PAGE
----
India is facing a mounting burden of noncommunicable diseases (NCDs) such as diabetes, cancers, and cardiovascular diseases. NCDs affect more than 20 percent of the Indian population and their prevalence is projected to expand substantially as the population aged 60 and over increases. Left unchecked, the costs of managing chronically ill and aging sectors of the population grow exponentially.
To control costs and address the growing chronic disease burden, India’s public programs must integrate curative hospital services with the most cost-effective preventive and primary interventions, argue Karen Eggleston, APARC’s deputy director and the director of the Asia Health Policy Program (AHPP), and Radhika Jain, a postdoctoral research fellow with AHPP. India must also urgently expand and improve the evidence base on economic evaluations of both preventive and curative health interventions in the country.
[Sign up for our newsletters to get the latest updates from our scholars.]
In a correspondence piece published by BMC Medicine, Eggleston and Jain examine the features and limitations of a study that takes an important first step in that direction: a cost-effectiveness study of the Kerala Diabetes Prevention program (K-DPP) that adds such evidence on how to prevent diabetes cost-effectively in India and other low- and middle-income countries.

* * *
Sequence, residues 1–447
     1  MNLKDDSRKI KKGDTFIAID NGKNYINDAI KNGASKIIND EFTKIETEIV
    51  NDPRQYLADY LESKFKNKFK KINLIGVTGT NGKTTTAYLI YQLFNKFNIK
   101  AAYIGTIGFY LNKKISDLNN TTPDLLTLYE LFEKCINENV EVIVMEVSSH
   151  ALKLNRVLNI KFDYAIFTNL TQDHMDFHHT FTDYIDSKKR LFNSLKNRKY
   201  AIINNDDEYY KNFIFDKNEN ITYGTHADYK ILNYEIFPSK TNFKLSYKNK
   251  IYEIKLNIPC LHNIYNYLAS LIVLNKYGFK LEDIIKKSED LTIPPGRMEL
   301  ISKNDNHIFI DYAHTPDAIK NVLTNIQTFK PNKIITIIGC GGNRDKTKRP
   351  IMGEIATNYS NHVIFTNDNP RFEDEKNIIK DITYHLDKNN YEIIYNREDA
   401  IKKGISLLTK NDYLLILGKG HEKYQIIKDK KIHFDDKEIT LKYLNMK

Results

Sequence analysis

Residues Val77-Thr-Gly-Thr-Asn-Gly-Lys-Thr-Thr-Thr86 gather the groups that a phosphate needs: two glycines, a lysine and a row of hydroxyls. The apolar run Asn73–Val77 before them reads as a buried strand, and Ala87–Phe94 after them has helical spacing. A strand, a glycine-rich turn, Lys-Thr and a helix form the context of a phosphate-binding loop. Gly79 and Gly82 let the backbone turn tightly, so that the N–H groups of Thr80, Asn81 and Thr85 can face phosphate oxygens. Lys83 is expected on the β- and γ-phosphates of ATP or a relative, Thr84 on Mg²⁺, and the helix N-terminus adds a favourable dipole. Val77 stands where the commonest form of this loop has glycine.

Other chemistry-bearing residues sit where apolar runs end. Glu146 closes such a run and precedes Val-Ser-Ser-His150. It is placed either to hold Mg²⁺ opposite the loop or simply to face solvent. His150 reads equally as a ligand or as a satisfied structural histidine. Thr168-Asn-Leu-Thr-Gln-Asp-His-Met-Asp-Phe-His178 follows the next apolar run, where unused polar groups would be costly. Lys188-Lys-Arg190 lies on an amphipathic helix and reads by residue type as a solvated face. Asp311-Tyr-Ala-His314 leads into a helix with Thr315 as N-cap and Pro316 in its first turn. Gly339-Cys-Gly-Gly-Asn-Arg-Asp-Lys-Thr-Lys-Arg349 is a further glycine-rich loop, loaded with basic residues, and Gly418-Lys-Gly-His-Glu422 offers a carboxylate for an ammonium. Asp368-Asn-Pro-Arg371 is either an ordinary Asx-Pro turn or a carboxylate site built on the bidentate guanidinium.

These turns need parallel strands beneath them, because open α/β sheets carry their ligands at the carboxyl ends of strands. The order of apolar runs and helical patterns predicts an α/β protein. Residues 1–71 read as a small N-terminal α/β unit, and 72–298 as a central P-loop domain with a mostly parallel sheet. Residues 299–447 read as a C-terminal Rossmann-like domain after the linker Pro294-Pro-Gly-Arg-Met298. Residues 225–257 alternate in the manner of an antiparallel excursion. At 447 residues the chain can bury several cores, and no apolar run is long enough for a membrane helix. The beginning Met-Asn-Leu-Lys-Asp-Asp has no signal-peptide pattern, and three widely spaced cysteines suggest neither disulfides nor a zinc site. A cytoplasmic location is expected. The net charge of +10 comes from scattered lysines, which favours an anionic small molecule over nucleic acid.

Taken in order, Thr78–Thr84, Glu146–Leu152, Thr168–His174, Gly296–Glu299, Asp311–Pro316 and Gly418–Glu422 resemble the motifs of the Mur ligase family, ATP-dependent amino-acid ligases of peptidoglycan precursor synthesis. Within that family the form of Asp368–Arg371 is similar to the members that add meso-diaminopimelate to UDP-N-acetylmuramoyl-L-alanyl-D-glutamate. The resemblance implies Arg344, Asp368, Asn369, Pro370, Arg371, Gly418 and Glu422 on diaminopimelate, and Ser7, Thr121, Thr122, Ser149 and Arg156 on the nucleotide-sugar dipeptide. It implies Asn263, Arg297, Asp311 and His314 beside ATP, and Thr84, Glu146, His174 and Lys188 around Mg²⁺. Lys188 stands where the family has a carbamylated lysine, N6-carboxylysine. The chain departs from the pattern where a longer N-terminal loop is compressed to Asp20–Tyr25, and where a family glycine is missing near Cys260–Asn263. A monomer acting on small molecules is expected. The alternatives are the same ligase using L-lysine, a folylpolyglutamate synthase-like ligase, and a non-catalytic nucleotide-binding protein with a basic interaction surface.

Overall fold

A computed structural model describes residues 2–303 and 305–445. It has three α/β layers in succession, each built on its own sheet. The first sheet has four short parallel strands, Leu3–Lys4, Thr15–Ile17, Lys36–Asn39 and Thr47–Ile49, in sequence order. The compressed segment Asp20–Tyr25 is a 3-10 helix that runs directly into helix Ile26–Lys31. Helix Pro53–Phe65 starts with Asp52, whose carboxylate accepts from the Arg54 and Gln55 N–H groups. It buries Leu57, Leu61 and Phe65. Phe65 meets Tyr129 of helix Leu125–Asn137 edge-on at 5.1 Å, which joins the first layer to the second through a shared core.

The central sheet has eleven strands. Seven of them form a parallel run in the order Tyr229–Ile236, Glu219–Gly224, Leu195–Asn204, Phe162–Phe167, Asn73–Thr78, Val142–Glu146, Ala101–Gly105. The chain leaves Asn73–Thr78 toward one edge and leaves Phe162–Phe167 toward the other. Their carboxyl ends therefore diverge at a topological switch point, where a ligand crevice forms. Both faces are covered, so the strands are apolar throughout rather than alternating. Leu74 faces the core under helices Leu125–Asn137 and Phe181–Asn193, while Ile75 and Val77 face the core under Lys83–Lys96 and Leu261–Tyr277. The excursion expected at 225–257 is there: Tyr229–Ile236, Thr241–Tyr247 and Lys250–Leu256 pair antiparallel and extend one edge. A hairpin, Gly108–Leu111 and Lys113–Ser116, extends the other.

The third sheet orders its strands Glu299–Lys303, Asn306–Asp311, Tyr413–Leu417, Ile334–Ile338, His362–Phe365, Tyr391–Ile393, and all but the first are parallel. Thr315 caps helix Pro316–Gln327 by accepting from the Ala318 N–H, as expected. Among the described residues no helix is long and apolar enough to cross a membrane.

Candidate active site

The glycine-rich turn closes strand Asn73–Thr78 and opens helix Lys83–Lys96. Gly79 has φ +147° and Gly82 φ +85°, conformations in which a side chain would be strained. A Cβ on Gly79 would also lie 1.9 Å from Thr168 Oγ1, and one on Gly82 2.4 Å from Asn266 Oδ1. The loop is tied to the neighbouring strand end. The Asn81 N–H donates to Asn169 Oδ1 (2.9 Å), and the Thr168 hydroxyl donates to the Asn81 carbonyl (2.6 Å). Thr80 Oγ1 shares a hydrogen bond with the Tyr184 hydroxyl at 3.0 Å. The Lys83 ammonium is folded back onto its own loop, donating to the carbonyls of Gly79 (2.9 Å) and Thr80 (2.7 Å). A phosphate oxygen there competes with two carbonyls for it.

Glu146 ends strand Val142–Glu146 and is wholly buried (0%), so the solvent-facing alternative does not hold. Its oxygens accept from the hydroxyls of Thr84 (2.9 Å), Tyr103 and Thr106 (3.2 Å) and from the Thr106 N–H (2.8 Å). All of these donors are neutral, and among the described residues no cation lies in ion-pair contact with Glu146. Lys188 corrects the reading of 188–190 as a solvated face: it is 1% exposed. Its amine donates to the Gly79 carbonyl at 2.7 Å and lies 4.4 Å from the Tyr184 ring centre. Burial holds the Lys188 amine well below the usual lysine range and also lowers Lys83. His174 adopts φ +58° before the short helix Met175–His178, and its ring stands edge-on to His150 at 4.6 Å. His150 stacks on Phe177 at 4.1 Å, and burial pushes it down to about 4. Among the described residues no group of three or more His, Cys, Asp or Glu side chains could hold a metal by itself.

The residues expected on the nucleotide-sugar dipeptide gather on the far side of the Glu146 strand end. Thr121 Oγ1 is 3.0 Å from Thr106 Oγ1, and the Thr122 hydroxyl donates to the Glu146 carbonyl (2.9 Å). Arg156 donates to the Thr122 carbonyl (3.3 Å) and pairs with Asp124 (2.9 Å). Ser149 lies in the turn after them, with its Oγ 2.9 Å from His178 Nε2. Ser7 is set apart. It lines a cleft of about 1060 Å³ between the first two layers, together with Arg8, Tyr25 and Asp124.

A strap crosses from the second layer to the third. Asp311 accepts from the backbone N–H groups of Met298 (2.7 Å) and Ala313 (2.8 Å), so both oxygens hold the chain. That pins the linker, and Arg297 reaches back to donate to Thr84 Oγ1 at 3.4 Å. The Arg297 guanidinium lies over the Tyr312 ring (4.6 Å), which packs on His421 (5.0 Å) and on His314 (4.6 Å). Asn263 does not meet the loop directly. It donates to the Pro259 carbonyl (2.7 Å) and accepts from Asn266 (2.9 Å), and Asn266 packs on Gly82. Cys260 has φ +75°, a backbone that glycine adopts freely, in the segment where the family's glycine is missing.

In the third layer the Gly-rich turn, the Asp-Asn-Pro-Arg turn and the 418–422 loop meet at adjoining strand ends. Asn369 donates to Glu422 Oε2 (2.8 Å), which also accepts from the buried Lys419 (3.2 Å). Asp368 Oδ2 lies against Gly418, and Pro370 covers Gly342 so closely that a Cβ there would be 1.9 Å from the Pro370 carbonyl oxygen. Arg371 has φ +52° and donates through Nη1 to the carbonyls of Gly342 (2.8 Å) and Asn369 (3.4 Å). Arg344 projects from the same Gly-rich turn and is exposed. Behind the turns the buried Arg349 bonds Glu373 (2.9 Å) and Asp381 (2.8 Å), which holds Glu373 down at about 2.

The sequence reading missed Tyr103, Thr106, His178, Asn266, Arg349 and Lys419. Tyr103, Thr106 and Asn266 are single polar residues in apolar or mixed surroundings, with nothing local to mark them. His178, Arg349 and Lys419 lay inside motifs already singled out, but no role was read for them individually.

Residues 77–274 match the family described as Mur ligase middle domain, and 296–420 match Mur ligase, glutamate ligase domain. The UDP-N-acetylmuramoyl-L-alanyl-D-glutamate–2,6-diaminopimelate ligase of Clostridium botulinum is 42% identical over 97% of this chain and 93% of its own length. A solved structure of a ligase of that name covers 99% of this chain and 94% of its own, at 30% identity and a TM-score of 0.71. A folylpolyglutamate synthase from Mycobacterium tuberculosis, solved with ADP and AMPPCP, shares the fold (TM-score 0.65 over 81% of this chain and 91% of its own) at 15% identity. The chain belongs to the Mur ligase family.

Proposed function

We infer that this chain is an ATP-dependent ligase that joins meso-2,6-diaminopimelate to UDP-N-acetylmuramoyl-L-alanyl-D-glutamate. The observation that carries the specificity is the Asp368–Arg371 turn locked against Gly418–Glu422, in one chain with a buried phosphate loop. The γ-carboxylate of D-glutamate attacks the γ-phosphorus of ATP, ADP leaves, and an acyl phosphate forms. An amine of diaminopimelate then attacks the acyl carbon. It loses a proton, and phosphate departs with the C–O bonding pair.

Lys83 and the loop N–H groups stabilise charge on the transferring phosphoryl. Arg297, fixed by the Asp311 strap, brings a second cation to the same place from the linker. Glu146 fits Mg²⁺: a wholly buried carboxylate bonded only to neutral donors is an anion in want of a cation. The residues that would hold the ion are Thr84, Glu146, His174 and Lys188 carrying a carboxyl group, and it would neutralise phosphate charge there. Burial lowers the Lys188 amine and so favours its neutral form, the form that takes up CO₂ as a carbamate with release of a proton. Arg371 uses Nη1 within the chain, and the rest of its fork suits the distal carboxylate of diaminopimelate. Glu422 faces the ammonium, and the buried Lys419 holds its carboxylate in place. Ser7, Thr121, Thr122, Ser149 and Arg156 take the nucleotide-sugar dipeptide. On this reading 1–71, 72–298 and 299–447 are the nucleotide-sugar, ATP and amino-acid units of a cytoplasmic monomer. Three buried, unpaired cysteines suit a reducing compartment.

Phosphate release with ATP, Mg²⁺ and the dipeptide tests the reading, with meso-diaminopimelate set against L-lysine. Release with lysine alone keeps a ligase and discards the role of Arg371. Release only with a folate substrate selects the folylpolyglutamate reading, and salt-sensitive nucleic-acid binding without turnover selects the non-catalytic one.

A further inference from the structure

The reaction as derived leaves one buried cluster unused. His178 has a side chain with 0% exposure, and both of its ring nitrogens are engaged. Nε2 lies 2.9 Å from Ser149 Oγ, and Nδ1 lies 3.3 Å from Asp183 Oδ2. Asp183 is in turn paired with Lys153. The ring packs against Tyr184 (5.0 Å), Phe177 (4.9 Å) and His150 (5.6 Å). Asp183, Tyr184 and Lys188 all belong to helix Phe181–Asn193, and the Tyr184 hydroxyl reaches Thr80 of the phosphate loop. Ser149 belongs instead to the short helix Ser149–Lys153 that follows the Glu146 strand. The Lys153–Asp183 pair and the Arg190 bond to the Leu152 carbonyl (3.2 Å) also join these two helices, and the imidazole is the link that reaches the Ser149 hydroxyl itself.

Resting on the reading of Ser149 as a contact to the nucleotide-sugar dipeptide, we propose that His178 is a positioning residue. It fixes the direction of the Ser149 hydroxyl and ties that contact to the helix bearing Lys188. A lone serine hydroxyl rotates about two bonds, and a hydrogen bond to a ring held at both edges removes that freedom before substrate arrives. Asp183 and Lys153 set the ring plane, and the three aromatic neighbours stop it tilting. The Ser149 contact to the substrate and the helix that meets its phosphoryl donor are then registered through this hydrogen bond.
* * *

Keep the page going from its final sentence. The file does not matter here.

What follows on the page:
The study’s authors present a cost-effectiveness analysis of 1007 participants in the K-DPP, and their estimates indicate that K-DPP was cost-effective. Indeed, Eggleston and Jain determine that the analysis shows potential cost-effectiveness in “nudging” the participants towards a healthier lifestyle through suggestive reductions in tobacco and alcohol use and waist circumference. The results of the cost-effectiveness analysis of the K-DPP “highlight the importance of continued research on community-based promotion of healthy lifestyles,” say Eggleston and Jain.
Evidence-based approaches to chronic noncommunicable disease intervention are essential for providing cost-effective care and creating models for future programs like the K-DPP. Eggleston and Jain conclude that future studies advancing evidence-based approaches to chronic noncommunicable disease intervention — ones that cover larger and more representative populations over longer time periods — remain important for more generalizable assessments to inform policy decisions.